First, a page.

For the easiest wildlife watching and guaranteed scenic views, head to the Lake Trail along Lake Wauberg in Paynes Prairie Preserve State Park.
It’s been a family favorite since the park opened, and has improved over the years with the addition of a fishing pier extending farther out into the lake.
Not a visit goes by where we don’t spot a dozen species or more of reptiles, amphibians, and birds along the first quarter mile of this accessible trail, which is best reached from the parking area for Lake Wauberg.
Length: 0.7 mile linear
Trailhead: 29.5297, -82.2977
Fees / Permits: $6 per vehicle
Restroom: At the picnic areas along Lake Wauberg
Land Manager: Florida State Parks
Open 8 AM until sunset. Leashed dogs permitted. Bikes are permitted on this trail but need to be walked across the boardwalk section. This trail is wheelchair accessible from the parking lot to the boardwalk and across to the picnic area on the far side.
From Interstate 75, take the Micanopy exit and drive east to US 441. Turn left and watch for the park entrance on your right within a mile. After you enter the park and pay your fee, drive Savannah Blvd to the first intersection. Turn left. Follow this road, passing the campground entrance along the way, to where it ends at Lake Wauberg. Park at the east (right-hand) end of the parking area to access the trail.
The Lake Trail begins as a paved ribbon into the floodplain forest at the east end of the Lake Wauberg parking area. You might be wondering why the parking area is as large as it is.
When this state park opened, this was a popular place for Gainesville residents to go swimming. That was fine until the alligator population – which, as hard as it is to believe today, was on the endangered species list until 1987 due to over-hunting – rebounded and it became too dangerous to swim in the lake.
The paved path tunnels into the forest, with swamps flanking both sides. We’ve spotted some large cooter turtles, softshell turtles, and alligators in these shadowy waters beneath the red maples and sweetgums.
The path curves left and becomes a boardwalk. An interpretive sign fills you in on alligators and their habitat. It’s not uncommon to see them cruising the shallows to your left, or hiding in the aquatic plants along the swampy shoreline.
Extending the boardwalk out into the lake for better views, the pier also serves as a place for visitors to fish. From it, you can see the University of Florida recreation complex on the far side of the lake.
The boardwalk continues across this cove in Lake Wauberg to a small hill topped with a picnic area and restrooms. The paved path makes an arc around its base near the water and suddenly stops.
Most visitors simply come out here and back along the Lake Trail, since it’s a half-mile round-trip from the parking area to experience the best scenery along this walk.
From the back of the picnic area behind the restrooms, the Lake Trail continues on another half mile on a forest road, connecting this scenic area to Savannah Blvd.
Since it traverses mostly open meadows, follow it only if you are looking to connect to the visitor center area or the Chacala Trail from here.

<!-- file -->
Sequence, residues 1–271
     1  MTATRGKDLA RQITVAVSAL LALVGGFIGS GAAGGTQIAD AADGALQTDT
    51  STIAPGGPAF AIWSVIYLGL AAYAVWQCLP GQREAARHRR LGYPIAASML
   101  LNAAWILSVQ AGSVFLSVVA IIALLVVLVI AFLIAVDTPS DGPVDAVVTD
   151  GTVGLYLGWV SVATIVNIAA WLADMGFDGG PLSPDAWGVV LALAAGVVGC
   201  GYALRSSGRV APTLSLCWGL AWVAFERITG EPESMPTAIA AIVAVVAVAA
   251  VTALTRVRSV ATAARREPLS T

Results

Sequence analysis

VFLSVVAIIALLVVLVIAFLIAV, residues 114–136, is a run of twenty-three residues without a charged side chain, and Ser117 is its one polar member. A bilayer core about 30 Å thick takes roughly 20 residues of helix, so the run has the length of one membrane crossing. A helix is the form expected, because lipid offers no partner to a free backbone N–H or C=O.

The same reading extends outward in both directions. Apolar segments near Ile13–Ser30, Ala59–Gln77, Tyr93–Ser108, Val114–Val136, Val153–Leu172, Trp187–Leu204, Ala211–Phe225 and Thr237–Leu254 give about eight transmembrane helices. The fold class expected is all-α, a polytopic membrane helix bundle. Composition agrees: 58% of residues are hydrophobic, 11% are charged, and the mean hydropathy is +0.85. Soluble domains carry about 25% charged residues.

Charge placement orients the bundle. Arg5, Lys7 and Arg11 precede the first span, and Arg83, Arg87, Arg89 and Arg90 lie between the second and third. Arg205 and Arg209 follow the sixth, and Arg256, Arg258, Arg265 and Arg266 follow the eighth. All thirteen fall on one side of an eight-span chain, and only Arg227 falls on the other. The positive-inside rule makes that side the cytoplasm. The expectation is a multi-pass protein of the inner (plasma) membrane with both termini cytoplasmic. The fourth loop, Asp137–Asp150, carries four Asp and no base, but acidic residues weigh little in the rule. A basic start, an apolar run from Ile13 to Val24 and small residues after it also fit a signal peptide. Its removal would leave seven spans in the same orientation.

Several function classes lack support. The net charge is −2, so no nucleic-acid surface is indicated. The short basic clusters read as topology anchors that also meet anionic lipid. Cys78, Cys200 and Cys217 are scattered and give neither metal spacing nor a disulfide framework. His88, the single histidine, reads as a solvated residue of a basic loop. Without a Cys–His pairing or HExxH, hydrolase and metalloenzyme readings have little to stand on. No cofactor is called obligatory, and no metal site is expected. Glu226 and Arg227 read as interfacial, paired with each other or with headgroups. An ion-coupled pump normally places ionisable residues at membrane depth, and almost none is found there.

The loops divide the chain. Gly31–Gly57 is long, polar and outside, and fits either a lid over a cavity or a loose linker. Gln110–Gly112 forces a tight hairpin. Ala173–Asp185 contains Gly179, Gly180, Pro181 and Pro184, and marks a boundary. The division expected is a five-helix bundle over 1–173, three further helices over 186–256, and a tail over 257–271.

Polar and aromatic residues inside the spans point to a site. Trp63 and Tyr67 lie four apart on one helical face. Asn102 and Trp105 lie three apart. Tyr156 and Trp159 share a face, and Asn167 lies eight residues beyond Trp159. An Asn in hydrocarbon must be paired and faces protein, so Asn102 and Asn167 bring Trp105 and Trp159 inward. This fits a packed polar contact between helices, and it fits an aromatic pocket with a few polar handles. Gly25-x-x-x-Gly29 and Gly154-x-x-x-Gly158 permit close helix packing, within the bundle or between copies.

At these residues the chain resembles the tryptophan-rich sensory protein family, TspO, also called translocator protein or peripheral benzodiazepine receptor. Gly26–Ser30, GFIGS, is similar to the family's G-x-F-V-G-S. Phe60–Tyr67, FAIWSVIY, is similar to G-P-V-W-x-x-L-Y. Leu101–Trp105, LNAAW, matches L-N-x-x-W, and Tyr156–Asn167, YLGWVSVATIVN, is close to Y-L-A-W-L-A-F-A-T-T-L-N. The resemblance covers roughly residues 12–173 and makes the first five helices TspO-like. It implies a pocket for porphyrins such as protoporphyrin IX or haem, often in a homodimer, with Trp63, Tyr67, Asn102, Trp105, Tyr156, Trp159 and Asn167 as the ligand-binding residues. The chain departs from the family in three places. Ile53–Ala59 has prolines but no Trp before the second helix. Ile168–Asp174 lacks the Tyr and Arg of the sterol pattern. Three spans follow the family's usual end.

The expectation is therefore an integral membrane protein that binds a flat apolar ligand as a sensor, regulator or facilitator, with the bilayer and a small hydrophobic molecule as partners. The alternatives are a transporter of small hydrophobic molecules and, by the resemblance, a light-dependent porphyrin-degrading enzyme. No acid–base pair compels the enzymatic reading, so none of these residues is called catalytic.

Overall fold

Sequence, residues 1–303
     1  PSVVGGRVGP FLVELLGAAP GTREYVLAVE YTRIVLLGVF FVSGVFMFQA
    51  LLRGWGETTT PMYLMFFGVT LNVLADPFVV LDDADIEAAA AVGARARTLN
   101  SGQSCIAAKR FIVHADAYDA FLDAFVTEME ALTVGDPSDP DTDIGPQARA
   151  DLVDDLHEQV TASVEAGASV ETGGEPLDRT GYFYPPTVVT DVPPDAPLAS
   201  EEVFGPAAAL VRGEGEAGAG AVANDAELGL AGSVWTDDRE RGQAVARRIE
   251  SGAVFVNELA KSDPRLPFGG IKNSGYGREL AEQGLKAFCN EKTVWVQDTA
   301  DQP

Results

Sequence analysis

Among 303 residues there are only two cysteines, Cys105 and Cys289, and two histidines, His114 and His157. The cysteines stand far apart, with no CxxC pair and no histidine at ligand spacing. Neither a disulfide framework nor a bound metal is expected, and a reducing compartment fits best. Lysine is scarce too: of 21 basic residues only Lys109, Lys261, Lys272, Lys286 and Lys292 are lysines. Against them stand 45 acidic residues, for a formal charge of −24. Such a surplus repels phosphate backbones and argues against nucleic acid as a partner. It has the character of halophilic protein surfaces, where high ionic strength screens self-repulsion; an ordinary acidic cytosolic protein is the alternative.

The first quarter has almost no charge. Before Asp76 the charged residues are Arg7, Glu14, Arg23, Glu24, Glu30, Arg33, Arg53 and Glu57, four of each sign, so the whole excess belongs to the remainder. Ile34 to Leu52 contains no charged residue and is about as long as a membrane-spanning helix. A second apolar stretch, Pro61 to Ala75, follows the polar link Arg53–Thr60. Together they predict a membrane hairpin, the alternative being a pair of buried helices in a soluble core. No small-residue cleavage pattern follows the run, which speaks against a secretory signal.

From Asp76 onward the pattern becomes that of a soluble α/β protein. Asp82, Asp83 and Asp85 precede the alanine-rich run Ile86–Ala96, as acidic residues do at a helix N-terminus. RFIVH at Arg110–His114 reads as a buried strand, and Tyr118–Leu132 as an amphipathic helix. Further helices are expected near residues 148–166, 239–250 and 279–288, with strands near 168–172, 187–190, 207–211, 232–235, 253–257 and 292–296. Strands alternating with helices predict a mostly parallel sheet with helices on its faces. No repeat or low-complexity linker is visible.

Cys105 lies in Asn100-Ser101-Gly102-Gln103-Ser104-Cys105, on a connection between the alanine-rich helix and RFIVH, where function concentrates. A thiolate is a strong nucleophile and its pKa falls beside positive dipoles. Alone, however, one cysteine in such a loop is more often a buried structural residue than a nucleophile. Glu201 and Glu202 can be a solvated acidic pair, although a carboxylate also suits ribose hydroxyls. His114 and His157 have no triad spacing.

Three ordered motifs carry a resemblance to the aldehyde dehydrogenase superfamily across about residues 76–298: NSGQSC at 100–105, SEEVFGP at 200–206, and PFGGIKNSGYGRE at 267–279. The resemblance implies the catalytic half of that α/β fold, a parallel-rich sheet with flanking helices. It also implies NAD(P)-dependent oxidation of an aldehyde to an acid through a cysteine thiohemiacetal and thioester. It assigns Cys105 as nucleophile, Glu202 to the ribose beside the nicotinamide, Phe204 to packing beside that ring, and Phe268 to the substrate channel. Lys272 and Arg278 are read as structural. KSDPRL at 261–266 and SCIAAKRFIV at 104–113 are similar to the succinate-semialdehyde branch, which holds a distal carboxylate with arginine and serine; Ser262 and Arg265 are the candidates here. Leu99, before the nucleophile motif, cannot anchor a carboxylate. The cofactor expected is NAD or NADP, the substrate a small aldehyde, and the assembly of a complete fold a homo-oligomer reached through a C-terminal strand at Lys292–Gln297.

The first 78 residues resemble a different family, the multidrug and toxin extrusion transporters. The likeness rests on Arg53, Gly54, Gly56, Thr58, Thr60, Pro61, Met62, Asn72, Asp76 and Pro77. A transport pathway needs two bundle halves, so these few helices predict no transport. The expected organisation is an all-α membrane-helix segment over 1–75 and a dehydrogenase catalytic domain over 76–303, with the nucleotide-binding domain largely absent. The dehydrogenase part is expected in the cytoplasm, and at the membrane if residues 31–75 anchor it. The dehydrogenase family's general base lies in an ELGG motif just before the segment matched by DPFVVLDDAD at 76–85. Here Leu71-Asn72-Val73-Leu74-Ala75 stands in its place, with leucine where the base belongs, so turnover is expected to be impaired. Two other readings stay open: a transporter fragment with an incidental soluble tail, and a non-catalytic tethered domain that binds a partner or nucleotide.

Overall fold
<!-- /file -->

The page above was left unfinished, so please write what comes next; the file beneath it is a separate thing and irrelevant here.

While it’s not overly scenic through this stretch, it’s another place for wildlife watching. Over the years, we’ve seen fox squirrels, rabbits, and flocks of wild turkeys in these open spaces.
The trail ends at Savannah Blvd. To connect with the park’s other trails, a left turn – followed by another 0.7 mile along Savannah Blvd – gets you to the visitor center parking area, which is the access point for the Wacahoota, Jackson Gap, and Cones Dike Trails.
A right turn, followed by almost a mile walk or ride beneath the canopied section of Savannah Blvd, lets you reach the Chacala Trail trailhead.
Otherwise, turn around and retrace your path back to the picnic area on Lake Wauberg, crossing the boardwalk back to the parking lot for a 1.4-mile round-trip.
Exploring Paynes Prairie
More trails in Paynes Prairie Preserve State Park
Walk along a bluff where early explorers and native peoples once looked out over vastness of Paynes Prairie to discover a panorama that invites you to immerse in it
For the longest loop hike in Paynes Prairie Preserve State Park, tackle the Chacala Trail for a 6.2-mile circuit that brings you to a view of Chacala Pond
To fully immerse in the vastness of Paynes Prairie, follow the Cones Dike Trail, the longest of the footpaths that leads out into the prairie
Providing the easiest-to-reach panorama of Paynes Prairie, the Ecopassage Observation Boardwalk encourages you to stop and take it all in
One of North Florida’s oldest bike paths, the Gainesville-Hawthorne Trail provides a mostly shaded rural ride
There are a handful of places that stand out as excellent locations for wildlife watching in Florida, but the best place to see alligators is in the home of the Gators, Gainesville
Under the dense canopy of a hardwood forest, the Prairie Creek Boardwalk provides a unique perspective on the creek that links Paynes Prairie and Newnans Lake.
Other trails worth exploring while you’re in this area.